Sports Outside the Beltway

Injured QBs Soon Forgotten

Dr. Z notes that, in the harsh world of professional football, an injured player is a forgotten player.

Harris Barton had been a 10-year starter for the 49ers at right tackle, a multiple All-Pro, a mainstay of three Super Bowl championship teams. But when he suffered a serious knee injury in his 11th year, his life changed overnight. “It was like one day I was living, the next day I was dead,” he said. “All of a sudden I went from a person to a non-person. I felt like an outsider in my own locker room. Coaches would look at me doing my rehab and frown and then look away. Players I’d been close to would give me a ‘hi, hello,’ and keep walking. I’m sure that some of them felt it was kind of a jinx to get too close to me. Boy, did that ever open up my eyes to what the NFL was really like.”

I’m sure that Steve McNair also has had his eyes opened up to what the league is really like. He is part of an unsightly little quarterback club. Hero one day, injury liability the next. Drew Brees is a member. So are Daunte Culpepper and Chad Pennington.

Does Ben Roethlisberger belong after his motorcycle accident on Monday? No, not yet. He’s in the class of the Bengals’ Carson Palmer. They’re still young. The injury wasn’t a re-injury (that one will put a guy in the “nuisance” class quicker than anything else). And they didn’t have any knocks on them before the injury. At least not big ones.

Fingers are being wagged at Big Ben now for riding his motorcycle without a helmet. I wonder how many of those finger-waggers wear their seat belts every time they get in a car. Ben said he felt more free when he rode his bike without a helmet, and boy, does this ever sound frivolous, in retrospect. But the world at large has a hard time thinking as a superior athlete in a dangerous sport might think. I’m not saying it was the smartest thing in the world for him to ride without a hat, but the high-level athlete who is used to taking chances, to throwing his body around, does not always think along the lines of safety first. Maybe that’s part of the reason he can be successful, wading through the land mines of professional football … as callous as this might sound.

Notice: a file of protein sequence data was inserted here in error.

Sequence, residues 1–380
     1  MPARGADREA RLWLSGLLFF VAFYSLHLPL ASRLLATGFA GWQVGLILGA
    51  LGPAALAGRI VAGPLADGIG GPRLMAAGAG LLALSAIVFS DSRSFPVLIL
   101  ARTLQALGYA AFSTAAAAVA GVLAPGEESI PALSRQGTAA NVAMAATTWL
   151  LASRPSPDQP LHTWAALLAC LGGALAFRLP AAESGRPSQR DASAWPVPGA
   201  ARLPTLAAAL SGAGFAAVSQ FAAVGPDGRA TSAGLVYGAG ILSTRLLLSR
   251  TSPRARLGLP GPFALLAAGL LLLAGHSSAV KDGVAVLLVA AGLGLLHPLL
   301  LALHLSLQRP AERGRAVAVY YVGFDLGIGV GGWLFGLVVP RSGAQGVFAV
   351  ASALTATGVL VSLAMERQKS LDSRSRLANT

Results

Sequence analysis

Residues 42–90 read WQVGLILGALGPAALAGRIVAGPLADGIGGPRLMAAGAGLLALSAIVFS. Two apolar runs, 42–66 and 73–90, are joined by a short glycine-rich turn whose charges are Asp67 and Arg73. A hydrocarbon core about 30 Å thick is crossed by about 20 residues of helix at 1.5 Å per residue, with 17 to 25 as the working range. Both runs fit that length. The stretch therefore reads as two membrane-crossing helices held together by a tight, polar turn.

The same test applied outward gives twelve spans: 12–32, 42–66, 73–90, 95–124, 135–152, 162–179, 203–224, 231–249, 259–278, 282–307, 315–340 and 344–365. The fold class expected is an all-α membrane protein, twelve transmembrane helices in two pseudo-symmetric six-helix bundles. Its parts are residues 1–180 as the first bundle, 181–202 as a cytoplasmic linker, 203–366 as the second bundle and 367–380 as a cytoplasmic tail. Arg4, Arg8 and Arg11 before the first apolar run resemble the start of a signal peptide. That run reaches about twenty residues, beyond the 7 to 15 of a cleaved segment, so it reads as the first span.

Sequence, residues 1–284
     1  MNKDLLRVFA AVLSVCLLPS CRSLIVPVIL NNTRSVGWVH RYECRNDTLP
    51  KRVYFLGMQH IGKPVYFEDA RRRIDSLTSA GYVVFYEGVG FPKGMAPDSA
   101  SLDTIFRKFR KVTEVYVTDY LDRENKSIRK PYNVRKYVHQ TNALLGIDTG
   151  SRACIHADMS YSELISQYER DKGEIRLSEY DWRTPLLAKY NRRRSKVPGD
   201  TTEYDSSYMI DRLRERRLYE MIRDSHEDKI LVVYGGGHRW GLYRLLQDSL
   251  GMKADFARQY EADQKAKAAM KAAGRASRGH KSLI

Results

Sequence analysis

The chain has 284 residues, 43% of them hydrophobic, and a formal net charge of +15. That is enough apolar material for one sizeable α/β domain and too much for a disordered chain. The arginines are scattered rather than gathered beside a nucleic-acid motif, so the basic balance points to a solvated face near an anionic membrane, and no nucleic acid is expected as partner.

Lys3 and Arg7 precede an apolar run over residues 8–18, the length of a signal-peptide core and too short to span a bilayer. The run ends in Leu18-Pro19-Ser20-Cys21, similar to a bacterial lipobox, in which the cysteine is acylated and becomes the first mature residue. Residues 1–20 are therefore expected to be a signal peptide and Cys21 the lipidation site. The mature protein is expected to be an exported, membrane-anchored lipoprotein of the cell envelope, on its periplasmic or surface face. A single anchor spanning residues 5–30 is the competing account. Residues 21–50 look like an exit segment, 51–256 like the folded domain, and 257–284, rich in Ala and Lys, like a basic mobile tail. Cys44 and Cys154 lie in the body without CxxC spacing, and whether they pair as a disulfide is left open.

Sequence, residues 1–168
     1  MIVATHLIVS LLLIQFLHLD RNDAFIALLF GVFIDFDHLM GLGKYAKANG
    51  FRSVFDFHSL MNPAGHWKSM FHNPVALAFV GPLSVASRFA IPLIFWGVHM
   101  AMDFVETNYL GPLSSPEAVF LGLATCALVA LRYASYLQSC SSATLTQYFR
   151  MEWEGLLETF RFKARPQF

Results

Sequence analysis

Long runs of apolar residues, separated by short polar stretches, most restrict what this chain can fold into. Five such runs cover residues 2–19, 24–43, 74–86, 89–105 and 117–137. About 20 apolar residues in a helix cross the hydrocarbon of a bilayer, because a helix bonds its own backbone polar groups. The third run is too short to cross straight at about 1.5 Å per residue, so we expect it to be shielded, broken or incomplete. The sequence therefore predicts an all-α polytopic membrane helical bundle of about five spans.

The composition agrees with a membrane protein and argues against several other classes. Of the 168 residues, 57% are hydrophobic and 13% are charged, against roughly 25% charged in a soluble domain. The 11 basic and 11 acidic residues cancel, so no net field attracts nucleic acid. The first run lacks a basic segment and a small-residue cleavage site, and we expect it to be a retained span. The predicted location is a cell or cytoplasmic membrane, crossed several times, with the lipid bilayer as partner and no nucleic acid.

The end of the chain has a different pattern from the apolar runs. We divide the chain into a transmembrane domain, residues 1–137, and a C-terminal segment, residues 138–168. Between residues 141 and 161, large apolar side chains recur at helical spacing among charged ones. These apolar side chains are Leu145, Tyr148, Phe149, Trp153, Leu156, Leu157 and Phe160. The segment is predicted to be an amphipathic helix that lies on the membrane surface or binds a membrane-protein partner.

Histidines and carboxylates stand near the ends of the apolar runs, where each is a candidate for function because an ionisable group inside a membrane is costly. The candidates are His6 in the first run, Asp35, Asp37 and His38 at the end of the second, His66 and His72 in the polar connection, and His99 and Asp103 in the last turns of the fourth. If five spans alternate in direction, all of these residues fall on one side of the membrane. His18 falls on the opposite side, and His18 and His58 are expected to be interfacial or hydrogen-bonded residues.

They say that everything’s going fine with him right now. I wonder. I also read that four surgeons worked on him for seven hours. That’s a lot of attention for a broken jaw and a broken nose. I’m not trying to play doctor here. I just hope that everything works out OK. The same with Palmer.

But I’ll tell you something. If either of them should come back too early, should rush his rehab and then get re-injured, then everyone’s perception will change. The two QBs will drop into the “yes, but” category. Yes, it’s a shame, but he shouldn’t have come back so quickly.

Pennington is in that class. Until he hurt his shoulder two years ago he was the savior of a Jets franchise that’s constantly on the lookout for one. There wasn’t a blemish on him. He was a bright-eyed, team-oriented kid with a lot of talent and a real feel for the game. Then he got hurt.


It’s unfair, for sure, but do you know what it’s like? Did you ever see the movie The Guns of Navarone? A bunch of commandos on a daredevil mission. And then one of them gets hurt, and just as we get ready to enjoy the exploits of this team, we have to put up with them dragging a hurt guy around for the rest of the movie. Damn! Get him captured or something, but please, proceed without him.


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